The Song Machine

The Song Machine

Inside the Hit Factory

Book - 2015
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WW Norton
Over the last two decades a new type of hit song has emerged, one that is almost inescapably catchy. Pop songs have always had a "hook," but today’s songs bristle with them: a hook every seven seconds is the rule. Painstakingly crafted to tweak the brain's delight in melody, rhythm, and repetition, these songs are highly processed products. Like snack-food engineers, modern songwriters have discovered the musical "bliss point." And just like junk food, the bliss point leaves you wanting more.In The Song Machine, longtime New Yorker staff writer John Seabrook tells the story of the massive cultural upheaval that produced these new, super-strength hits. Seabrook takes us into a strange and surprising world, full of unexpected and vivid characters, as he traces the growth of this new approach to hit-making from its obscure origins in early 1990s Sweden to its dominance of today's Billboard charts.Journeying from New York to Los Angeles, Stockholm to Korea, Seabrook visits specialized teams composing songs in digital labs with new "track-and-hook" techniques. The stories of artists like Katy Perry, Britney Spears, and Rihanna, as well as expert songsmiths like Max Martin, Stargate, Ester Dean, and Dr. Luke, The Song Machine shows what life is like in an industry that has been catastrophically disrupted—spurring innovation, competition, intense greed, and seductive new products.Going beyond music to discuss money, business, marketing, and technology, The Song Machine explores what the new hits may be doing to our brains and listening habits, especially as services like Spotify and Apple Music use streaming data to gather music into new genres invented by algorithms based on listener behavior.Fascinating, revelatory, and original, The Song Machine will change the way you listen to music.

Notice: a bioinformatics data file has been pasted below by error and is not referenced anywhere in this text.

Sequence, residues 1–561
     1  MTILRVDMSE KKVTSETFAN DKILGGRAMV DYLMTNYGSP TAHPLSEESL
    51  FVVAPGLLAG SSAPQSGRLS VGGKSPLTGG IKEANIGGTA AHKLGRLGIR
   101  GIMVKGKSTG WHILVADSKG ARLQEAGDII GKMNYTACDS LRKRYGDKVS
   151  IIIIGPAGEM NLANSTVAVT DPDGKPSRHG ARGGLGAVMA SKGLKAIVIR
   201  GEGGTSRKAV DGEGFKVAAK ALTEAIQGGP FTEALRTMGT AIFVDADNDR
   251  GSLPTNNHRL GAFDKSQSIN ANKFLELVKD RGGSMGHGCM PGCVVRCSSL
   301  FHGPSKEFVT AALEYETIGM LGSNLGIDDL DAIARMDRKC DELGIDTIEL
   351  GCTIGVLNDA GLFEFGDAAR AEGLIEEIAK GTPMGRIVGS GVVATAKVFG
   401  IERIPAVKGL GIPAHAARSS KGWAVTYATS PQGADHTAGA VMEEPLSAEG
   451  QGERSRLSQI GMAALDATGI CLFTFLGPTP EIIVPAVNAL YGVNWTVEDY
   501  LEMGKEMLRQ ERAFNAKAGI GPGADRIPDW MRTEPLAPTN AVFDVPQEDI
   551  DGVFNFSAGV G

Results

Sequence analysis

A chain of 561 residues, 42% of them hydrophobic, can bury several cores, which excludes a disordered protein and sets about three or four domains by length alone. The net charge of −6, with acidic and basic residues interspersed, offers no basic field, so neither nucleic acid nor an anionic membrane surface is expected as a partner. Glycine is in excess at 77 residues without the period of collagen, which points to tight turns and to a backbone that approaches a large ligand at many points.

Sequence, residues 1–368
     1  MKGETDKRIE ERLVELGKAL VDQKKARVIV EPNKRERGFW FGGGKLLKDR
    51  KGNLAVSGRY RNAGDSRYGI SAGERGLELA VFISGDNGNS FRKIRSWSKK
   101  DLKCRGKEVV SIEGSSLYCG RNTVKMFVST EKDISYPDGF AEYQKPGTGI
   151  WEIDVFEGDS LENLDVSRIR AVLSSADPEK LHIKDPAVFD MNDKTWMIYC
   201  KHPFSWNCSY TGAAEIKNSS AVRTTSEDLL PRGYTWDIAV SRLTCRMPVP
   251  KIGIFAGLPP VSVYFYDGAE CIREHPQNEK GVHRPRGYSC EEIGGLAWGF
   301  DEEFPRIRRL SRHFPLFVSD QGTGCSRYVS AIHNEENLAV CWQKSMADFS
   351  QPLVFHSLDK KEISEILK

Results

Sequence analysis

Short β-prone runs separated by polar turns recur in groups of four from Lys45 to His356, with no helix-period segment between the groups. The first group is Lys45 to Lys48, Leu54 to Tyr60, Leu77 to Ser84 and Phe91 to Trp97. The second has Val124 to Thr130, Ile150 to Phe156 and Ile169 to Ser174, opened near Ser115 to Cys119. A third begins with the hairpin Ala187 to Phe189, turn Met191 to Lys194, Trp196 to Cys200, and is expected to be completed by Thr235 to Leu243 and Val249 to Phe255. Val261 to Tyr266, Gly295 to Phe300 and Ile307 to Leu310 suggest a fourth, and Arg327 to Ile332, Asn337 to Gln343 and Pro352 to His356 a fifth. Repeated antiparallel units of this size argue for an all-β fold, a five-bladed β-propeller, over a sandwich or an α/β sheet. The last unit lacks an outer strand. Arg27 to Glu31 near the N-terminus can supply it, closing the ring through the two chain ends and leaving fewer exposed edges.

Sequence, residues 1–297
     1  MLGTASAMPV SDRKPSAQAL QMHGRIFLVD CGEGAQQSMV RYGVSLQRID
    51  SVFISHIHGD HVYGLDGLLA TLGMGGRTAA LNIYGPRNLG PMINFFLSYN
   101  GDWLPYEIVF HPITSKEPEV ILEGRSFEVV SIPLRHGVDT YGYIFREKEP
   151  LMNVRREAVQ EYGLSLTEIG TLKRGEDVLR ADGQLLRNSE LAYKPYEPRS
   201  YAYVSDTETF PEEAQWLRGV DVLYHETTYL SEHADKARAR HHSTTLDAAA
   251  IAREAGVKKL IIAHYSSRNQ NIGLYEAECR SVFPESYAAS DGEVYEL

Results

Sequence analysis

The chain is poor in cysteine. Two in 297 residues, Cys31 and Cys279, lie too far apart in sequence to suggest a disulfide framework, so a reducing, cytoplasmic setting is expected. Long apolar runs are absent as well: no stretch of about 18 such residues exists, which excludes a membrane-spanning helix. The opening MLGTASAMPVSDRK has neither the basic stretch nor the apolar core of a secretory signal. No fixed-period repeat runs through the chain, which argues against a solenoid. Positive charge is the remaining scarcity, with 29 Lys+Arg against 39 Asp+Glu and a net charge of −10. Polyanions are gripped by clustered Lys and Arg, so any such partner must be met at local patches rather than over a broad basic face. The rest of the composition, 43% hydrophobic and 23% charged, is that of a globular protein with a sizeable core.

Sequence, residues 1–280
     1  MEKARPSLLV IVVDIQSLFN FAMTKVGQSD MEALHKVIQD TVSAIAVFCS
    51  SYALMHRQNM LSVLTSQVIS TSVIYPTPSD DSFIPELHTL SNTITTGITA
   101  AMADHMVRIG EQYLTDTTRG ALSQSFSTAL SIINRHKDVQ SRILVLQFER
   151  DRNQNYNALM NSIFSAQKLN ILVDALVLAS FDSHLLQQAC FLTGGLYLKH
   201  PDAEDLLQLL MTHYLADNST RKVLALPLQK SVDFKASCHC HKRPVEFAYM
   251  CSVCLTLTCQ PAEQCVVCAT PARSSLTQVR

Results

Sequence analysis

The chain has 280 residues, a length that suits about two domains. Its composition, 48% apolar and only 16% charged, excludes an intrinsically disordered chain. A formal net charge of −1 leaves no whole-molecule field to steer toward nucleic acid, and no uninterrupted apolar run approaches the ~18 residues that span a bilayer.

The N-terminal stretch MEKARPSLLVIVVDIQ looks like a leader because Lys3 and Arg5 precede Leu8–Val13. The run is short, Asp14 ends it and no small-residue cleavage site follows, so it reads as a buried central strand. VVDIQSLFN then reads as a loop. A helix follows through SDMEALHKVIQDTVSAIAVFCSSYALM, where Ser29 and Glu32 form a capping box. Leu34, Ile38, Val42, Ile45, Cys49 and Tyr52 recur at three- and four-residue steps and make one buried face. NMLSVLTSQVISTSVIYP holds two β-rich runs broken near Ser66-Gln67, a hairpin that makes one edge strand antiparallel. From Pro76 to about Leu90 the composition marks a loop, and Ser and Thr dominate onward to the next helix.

There's a reason hit songs offer guilty pleasure—they're designed that way.

Baker & Taylor
A staff writer for the "New Yorker" travels around the globe to trace the growth and catalog the techniques of the specialized teams who crank out catchy hit music engineered through science and technology.

Book News
Author Seabrook, a staff writer at The New Yorker, explains the science and technology of creating pop hits, and ponders the artistic, cultural, economic, and regulatory issues of the distribution and marketing of music in the digital age. Writing in a descriptive style with humor to appeal to general readers, Seabrook takes readers to visit recording studios, computer labs, and board rooms around the world, always returning to Sweden’s Cheiron Studios in the 1990s and Swedish songwriter Max Martin, the epicenter of the new hit-making machine. Seabrook gleans insights from interviews with musicians, song writers, producers, techies, lawyers, and marketing professionals. Examples are taken from real-life musicians including Katy Perry, Britney Spears, and Kesha. Of special interest is discussion of Spotify, Apple Music, and other streaming media platforms. Annotation ©2016 Ringgold, Inc., Portland, OR (protoview.com)

Baker
& Taylor

A longtime staff writer for the New Yorker travels around the globe to trace the growth and catalog the techniques of the specialized teams who crank out catchy hit music engineered through science and technology to get stuck in your head. Tour.
here's a reason hit songs offer such guilty pleasure--they're designed that way. Over the last two decades a new type of hit song has emerged, one that is almost inescapably catchy. Pop songs have always had a "hook," but today's songs bristle with them:a hook every seven seconds is the rule. Painstakingly crafted to tweak the brain's delight in melody, rhythm, and repetition, these songs are highly processed products. Like snack-food engineers, modern songwriters have discovered the musical "bliss point." And just like junk food, the bliss point leaves you wanting more. In The Song Machine, longtime New Yorker staff writer John Seabrook tells the story of the massive cultural upheaval that produced these new, super-strength hits. Seabrook takes us intoa strange and surprising world, full of unexpected and vivid characters, as he traces the growth of this new approach to hit-making from its obscure origins in early 1990s Sweden to its dominance of today's Billboard charts. Going beyond music to discussmoney, business, marketing, and technology, The Song Machine explores what the new hits may be doing to our brains and listening habits, especially as services like Spotify and Apple Music use streaming data to gather music into new genres invented by algorithms based on listener behavior. Revelatory and original, this book will change the way you listen to music.--Adapted from book jacket.

Publisher: New York : W. W. Norton & Company, [2015]
Edition: First edition
ISBN: 9780393241921
0393241920
Branch Call Number: 781.64 Se11s
Characteristics: x, 338 pages ; 24 cm

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SiempreSara
Feb 27, 2016